With my recent move to a Data Science team & acknowledging that my recent reading has been overwhelmingly data-optimistic, I thought I’d take a recommendation from an analyst colleague of a book that is quite the opposite – “Weapons of Math Destruction”, by Cathy O’Neil. Below follows my summary of it, followed by a one-page nine-question anti-WMD framework inspired by the book, and finally a hypothetical worked example of applying the framework to an algorithm in the RAF (Machine Learning in Promotions). The views expressed mainly reflect content provided by Cathy (and hence there are predominantly US examples, rather than UK – not all will be generalisable to the UK) with a couple of my personal observations – none represent my employer’s views.
“Weapons of Math Destruction” is written by Cathy O’Neil, a data scientist who draws on both her own personal experiences working in e-commerce & a number of illustrative case studies to outline how big data and the algorithms powered by it are increasingly being used as “Weapons of Math Destruction” (‘WMD’ for short).
In short, not every algorithm or model (if these terms are confusing, see below) is a WMD – only those that cause harm, usually on account of three hallmark features: their opacity, scale & the damage they cause. This damage seems most acutely felt by the least fortunate, usually unknowingly, and often seems to perpetuate vicious cycles of poverty, inequality, and incarceration. Let’s dive into some examples.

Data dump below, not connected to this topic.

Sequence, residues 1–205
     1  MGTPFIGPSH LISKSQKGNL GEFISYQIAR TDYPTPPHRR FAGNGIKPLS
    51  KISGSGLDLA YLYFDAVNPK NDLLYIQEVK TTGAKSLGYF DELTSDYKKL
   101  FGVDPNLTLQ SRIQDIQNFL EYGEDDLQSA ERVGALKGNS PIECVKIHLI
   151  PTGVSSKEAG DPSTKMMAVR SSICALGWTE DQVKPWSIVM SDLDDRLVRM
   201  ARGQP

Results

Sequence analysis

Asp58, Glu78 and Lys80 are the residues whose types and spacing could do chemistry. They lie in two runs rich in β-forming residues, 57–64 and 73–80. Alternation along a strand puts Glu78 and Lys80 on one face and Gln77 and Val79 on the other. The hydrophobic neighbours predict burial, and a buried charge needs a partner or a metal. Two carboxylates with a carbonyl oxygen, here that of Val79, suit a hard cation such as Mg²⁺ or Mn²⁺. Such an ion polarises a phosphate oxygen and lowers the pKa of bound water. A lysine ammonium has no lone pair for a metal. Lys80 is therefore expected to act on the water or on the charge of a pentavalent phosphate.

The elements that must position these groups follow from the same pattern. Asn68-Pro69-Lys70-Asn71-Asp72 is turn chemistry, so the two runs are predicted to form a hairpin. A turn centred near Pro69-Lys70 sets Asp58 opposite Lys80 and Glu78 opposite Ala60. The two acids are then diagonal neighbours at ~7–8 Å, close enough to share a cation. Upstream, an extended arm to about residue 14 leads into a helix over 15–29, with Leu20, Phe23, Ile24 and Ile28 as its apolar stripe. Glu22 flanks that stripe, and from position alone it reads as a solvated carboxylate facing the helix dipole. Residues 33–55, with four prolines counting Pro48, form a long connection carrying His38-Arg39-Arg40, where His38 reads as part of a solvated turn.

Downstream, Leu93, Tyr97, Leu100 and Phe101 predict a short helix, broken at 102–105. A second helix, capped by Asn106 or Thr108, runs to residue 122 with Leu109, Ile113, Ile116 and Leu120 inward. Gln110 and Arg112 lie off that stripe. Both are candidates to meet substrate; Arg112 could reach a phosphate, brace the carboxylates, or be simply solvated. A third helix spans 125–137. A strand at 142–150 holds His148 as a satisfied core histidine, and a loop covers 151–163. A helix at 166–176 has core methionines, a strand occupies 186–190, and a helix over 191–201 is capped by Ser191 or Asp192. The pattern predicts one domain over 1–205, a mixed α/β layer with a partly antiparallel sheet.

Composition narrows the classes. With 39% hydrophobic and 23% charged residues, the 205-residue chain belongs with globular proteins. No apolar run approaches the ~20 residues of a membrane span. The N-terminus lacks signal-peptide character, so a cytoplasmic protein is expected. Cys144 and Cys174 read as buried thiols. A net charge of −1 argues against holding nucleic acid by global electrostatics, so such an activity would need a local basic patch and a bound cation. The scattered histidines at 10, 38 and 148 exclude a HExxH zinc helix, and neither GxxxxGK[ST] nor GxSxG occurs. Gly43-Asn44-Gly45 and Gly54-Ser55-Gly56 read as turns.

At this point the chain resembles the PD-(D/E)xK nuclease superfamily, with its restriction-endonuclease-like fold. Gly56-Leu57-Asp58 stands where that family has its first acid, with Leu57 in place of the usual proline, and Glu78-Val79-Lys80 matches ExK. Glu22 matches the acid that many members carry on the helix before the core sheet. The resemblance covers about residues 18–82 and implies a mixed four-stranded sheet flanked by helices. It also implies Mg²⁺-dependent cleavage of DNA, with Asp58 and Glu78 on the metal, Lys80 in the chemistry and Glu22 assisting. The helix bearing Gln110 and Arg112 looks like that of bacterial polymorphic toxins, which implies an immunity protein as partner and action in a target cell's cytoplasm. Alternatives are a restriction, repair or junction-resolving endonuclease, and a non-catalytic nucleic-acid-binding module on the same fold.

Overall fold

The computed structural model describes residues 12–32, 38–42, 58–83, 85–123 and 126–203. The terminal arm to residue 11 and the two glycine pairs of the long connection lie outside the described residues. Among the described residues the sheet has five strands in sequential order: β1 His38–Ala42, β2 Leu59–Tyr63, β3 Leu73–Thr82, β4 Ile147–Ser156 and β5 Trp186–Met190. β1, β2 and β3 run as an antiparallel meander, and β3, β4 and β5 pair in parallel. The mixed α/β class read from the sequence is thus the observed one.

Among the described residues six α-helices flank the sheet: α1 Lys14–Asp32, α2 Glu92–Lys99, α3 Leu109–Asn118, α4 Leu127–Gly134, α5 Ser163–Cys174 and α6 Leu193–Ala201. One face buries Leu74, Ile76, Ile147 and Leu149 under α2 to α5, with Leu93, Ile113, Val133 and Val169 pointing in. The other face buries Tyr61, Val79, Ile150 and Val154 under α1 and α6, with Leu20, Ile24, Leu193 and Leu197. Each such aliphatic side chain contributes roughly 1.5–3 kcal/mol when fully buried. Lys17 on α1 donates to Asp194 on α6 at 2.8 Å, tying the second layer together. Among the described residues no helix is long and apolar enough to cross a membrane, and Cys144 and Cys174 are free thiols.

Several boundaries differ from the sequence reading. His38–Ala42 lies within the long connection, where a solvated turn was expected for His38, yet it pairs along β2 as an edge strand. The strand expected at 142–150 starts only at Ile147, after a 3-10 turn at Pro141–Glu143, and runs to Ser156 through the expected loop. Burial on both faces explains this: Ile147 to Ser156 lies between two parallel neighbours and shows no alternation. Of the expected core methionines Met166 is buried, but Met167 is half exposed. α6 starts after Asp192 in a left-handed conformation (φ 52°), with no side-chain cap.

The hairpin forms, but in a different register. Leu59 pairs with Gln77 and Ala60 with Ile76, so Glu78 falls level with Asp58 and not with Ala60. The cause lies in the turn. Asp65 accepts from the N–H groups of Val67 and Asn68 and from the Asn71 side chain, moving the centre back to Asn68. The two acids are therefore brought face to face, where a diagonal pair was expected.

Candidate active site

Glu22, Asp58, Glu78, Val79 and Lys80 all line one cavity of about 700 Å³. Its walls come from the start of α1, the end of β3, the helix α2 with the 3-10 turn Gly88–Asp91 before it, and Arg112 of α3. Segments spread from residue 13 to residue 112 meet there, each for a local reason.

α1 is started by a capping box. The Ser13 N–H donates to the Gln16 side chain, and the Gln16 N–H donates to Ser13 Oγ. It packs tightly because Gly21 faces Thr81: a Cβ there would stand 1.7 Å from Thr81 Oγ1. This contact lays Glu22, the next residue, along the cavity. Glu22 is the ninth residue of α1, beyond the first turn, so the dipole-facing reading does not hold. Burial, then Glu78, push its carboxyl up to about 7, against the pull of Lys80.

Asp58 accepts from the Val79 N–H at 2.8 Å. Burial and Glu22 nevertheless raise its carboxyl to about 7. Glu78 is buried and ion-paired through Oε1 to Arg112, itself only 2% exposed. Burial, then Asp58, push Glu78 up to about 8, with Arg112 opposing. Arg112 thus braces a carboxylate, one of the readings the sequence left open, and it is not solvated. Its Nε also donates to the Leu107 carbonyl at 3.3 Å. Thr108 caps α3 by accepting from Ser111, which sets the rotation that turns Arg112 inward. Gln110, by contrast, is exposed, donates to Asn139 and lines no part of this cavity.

Assessing Teachers’ value-add
One of the first and most shocking examples of a WMD Cathy cites is Washington DC Schools’ “IMPACT model”. It came about in 2007, as a result of plans DC’s mayor set out to turn around the city’s underperforming schools. Their hypothesis was that a key reason for schools underperformance was a small minority of poor teachers. It followed that by identifying and firing the worst teachers the average quality of teaching would rise. Though pretty uncompromising, it doesn’t sound like an entirely maligned plan.
To implement this plan, they collected data on teachers performance so they could identify the bottom 2%. Their algorithm allocated 50% of it’s score on the teacher’s “value-add” to students. Put simply if a child predicted a B gets an A, the teacher has a positive “value-add” score and vice versa if the child who is predicted a D gets an E.
Though this sounds an intuitively reasonably fair way of assessing teacher quality, it turned out to be anything but, leading to such crazy variances in scores that one teacher went from scoring 6/100 one year to 96/100 the next. The teacher in question clearly had not changed from a complete liability to once-in-a-generation genius in the space of a year, so what had gone wrong?